For some reason, elections have been on my mind lately.
It feels like everybody is more uptight about this one than usual. That’s probably a misperception. The truth is, everybody’s always uptight at election time. It’s just easy to forget the tension when it’s all over.
When the dust settles, we are left with some colorful memories.
I’ve always loved politics. I can remember our good friend, Jimmy White, during one of his campaigns for re-election as Fayette County Probate Judge. He had these styrofoam hats that we wore all over town. I thought it was a hoot.
Of course, that was back in the days when Governor Lester Maddox rode a bicycle backwards for attention. I thought that was stupid, because I was pulling for his opponent, Bo Callaway. His bumper stickers said, “Go Bo!” I’m sure nobody found it ironic that I was running around criticizing the governor for riding a bike backwards while I was wearing a styrofoam hat for one candidate and chanting “Go Bo” for another.
Campaign buttons have been around forever. In the 1970’s, Daddy bought the building in Fayetteville where his office still is. As we renovated it and removed the floor, we found some stairs that led to another level that had been forgotten for decades. In it were costumes from the days when the building was a theater, drug store items from when it was a pharmacy, and a curious cylinder-shaped wooden container. I opened it and found inside a campaign button for Joseph E. Brown. He was Georgia’s Governor during the Civil War.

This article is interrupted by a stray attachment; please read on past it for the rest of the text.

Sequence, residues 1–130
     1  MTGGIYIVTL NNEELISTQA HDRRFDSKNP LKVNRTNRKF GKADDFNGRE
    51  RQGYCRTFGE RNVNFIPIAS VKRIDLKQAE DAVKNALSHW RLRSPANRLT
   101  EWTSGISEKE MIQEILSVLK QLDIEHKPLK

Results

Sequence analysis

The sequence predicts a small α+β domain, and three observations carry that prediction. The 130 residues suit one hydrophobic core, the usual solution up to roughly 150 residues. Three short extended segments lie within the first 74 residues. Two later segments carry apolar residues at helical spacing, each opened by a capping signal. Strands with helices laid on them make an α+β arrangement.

Since those days, there have been many political battles.
Do you remember Margie Lopp? She was the elderly lady from Cuthbert, Georgia who sang the jingle in a commercial for Paul Coverdell.
What about Bo Ginn (another Bo that ran for governor)? He had a commercial with a jail door closing as he said to drug dealers, “Pusher, meet the slammer.”
In 1980 President Jimmy Carter debated his challenger, a movie star named Ronald Reagan. All anybody remembers about that debate is Reagan chuckling and quipping at Carter, “There you go again.” That race was supposed to be tight. Newsweek magazine had a cartoon on the cover that showed Carter barely edging ahead at the finish line. Of course, that didn’t happen. Carter conceded defeat before the polls had even closed in California. My college roommate, a liberal, went out that night and got drunk.
No matter what anybody says, you don’t know how one of these things will turn out until we all vote. So candidates keep fighting to the end.
They tell a story about a state representative from Fayetteville many years ago. He and an aide went around the town square stopping at businesses and asking anybody that was in there to vote for him. One guy said, “I hate your guts. I wouldn’t vote for you if you were the only (you know what) in the race.”
The candidate turned to his aide and said, “Put him down as doubtful.”
See why I love politics?